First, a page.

Let’s see if I can bridge some of the gaps in our ad collection. There’s a couple here that I’m not sure about, but we can discuss their positions in the grid later on, if they work.
I’m still not sure at which degree text becomes an issue and begins to interfere with our interpretations of the image. Technically, that tagline beside the logo provides the context, but with a little bit of thought, you could get the same message just from the image. It’s interesting how the Phillips and McQuarrie analysis begins to fall apart when the image consists of more and more elements, isn’t it?
Moving on to the analysis itself, the ad clearly depicts the fusion of Lego with the grandma’s dentures. However, you can’t say that the product is connected to grandmothers or teeth, nor is it similar or opposed. The fusion is literal, but it also represents the boy’s creativity, implying that nothing is really that bad when you have Lego to fix it. So there is a connection, but the connection is to an idea rather than something physical in the image.
Next ad: Itchy Scalp Shampoo
This ad is clearly going for shock value. I shudder when I look at the image, and I get the feeling that I’ll be reminded of it every time I itch my head from now on, imagining ants crawling over my scalp… Definitely effective.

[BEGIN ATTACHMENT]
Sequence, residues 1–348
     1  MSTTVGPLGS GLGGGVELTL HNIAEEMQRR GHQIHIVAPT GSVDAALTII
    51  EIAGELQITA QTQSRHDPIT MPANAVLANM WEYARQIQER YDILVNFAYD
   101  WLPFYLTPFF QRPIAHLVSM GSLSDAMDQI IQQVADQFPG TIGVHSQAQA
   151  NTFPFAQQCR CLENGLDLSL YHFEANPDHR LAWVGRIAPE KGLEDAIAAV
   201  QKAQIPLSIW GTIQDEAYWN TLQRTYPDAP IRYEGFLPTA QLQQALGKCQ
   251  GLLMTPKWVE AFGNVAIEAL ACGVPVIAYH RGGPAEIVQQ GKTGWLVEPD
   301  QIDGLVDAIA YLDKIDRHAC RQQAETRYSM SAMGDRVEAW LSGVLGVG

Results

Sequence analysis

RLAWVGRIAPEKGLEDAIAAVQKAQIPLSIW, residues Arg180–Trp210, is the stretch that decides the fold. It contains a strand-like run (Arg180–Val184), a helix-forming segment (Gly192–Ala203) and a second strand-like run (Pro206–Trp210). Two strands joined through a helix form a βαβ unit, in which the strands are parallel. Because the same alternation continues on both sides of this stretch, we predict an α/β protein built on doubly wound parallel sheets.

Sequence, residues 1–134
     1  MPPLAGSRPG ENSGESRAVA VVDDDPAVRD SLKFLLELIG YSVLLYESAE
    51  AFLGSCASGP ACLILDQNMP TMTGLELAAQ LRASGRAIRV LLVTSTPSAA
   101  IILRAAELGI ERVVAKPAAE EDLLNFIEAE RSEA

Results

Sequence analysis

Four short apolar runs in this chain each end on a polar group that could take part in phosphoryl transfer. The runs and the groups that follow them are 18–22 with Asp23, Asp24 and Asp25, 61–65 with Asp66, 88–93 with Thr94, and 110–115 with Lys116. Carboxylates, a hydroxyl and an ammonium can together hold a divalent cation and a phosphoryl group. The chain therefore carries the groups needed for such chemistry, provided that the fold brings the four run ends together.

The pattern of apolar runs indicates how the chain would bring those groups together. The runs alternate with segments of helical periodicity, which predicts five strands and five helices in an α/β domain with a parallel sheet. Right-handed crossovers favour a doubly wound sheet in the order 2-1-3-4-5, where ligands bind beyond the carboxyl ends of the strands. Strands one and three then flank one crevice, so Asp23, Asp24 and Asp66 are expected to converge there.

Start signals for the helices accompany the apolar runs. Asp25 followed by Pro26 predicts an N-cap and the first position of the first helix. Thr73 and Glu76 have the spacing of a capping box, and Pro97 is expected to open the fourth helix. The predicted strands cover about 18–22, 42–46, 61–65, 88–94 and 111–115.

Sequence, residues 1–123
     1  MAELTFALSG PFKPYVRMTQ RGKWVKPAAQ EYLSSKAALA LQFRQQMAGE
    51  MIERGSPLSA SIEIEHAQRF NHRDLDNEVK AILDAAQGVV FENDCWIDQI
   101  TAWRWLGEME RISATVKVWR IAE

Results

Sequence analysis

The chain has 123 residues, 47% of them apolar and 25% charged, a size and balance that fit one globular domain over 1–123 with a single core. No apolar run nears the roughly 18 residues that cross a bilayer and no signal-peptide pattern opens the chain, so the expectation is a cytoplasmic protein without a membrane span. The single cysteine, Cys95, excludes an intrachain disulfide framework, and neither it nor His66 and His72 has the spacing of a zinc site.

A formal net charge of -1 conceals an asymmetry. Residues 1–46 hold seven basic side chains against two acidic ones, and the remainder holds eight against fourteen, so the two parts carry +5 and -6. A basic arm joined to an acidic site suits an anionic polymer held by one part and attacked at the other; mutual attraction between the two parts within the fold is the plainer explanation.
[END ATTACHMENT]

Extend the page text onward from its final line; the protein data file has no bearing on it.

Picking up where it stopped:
Besides the obvious effect of fusion, I’m going to call this a controversial opposition. While you might consider the comparison of an itchy scalp and a hive of ants a pretty good example of connection, shampoo itself is as far from this as it gets. Think about the example Prof O’Gorman gave during his lecture: a dog’s face replaced with its backside, signifying bad breath in an advertisement for breath mints. I think think ad provides the same kind of association.
And one more: Anytime Fitness
I’m going to say this is an example of connection. Having a membership with this gym means you don’t have to take time away from other important things in your life, so it makes a connection with busy people.
NOTE: Whoops, for some reason I thought we were missing connection, not similarity. Well this isn’t useful at all.
That’s it for now, see what you make of these.